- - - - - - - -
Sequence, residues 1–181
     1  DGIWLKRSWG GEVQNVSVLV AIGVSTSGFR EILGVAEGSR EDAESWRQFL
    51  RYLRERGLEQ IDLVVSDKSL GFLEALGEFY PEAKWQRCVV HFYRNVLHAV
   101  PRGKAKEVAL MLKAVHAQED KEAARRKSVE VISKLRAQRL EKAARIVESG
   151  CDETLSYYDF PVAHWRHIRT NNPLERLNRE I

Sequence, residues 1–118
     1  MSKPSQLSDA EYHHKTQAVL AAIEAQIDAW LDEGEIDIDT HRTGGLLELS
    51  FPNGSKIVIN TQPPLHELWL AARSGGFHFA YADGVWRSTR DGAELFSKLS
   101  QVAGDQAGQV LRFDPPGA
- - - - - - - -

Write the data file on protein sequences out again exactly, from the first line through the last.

Sequence, residues 1–181
     1  DGIWLKRSWG GEVQNVSVLV AIGVSTSGFR EILGVAEGSR EDAESWRQFL
    51  RYLRERGLEQ IDLVVSDKSL GFLEALGEFY PEAKWQRCVV HFYRNVLHAV
   101  PRGKAKEVAL MLKAVHAQED KEAARRKSVE VISKLRAQRL EKAARIVESG
   151  CDETLSYYDF PVAHWRHIRT NNPLERLNRE I

Sequence, residues 1–118
     1  MSKPSQLSDA EYHHKTQAVL AAIEAQIDAW LDEGEIDIDT HRTGGLLELS
    51  FPNGSKIVIN TQPPLHELWL AARSGGFHFA YADGVWRSTR DGAELFSKLS
   101  QVAGDQAGQV LRFDPPGA